Power Factor training, a partial range of motion and static contraction exercise program, works to define the power level of athletes in order to better increase size and strength. The training philosophy uses mathematical equations to further prove its easy scientific approach to exercise.
Defining Power Factor Training
This training program largely revolves around determining and tracking strength, also known as power. Mathematical equations are used to provide detailed ratings so athletes have the ability to know where they stand and what their goals should be. Realistically, this system does not contain some sort of new weight lifting technique, but rather another calculation based method in order to determine a suggested overall ability in the weight room.
Power Factor measurements allow athletes to strive for higher goals and weight limits. The power reading of each individual athlete results from a calculating process involving the amount of weight divided by the time taken to complete a set of repetitions.
Bench pressing a high weight with limited range of motion in a short period of time will more than likely result in a similar power factor level as pressing a light weight in a full range of motion in the same period of time or less. Ultimately, the system does not include a completely factual physics calculation for determining true power and strength, making the system nothing more than another simple variety of weight lifting.
Power Factor Training Utilization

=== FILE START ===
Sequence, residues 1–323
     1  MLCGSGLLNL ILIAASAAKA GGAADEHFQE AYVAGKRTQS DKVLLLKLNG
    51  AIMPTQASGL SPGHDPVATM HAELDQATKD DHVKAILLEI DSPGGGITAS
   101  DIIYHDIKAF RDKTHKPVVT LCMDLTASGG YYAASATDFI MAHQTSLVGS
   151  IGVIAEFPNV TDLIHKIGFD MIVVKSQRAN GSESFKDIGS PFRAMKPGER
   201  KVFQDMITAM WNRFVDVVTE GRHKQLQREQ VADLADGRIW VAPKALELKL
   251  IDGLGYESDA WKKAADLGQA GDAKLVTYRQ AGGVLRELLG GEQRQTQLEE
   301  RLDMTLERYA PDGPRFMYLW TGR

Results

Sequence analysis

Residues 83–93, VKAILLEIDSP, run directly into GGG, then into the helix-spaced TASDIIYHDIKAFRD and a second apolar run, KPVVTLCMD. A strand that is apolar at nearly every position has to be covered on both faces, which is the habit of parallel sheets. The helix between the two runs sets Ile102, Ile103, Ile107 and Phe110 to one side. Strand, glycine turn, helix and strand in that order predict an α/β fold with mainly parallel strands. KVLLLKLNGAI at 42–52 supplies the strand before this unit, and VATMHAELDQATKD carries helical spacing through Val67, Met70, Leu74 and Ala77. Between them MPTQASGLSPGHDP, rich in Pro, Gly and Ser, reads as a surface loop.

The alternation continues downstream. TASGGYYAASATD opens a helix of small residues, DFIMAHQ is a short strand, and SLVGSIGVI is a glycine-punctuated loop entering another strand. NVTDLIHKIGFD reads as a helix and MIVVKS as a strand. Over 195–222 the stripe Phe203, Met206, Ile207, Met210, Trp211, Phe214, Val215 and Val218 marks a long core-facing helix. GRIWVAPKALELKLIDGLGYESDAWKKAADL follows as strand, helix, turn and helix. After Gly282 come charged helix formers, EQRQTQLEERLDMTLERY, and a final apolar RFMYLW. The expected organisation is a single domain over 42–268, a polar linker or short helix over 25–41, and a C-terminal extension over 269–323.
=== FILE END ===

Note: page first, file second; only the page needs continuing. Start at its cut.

Many athletes use a power factor system in order to track their personal progress. The system also helps those taking part in physical fitness activities to set goals, both short term and long term. Realistically, the system was developed in order to make increasing strength easier and more efficient than other weight lifting techniques. However, most people know that different programs work for the individual and not for everyone.
Power Factor training works well with power lifters and those who primarily rely on strength in their sport. This type of system provides less positive impact for athletes who take part in cardiovascular based sports such as swimming or cross country. On the other hand, sprinters and other track events such as pole vaulting, shot put, discus or the high jump often see positive results when using Power Factor training.
Examples of Power Factor Exercises
Any exercises falls into the category of Power Factor training. Exercises simply become mechanisms to determine strength and power. The goal of Power Factor training allows athletes to attempt higher weights and repetitions through the use of heavier base weights.
For example, athletes will bench press a heavy weight by partially pressing the bar off of his or her chest for multiple repetitions. This limited range of motion causes static muscle contraction, far different from eccentric and concentric muscle motion. Over time, muscle density, strength and power will increase.
After periods of partial repetition workouts, athletes will then use full range of motion techniques to test their newly achieved strength levels. Individuals taking part in Power Factor training will try to bench press an equal or higher weight with full extension in this example.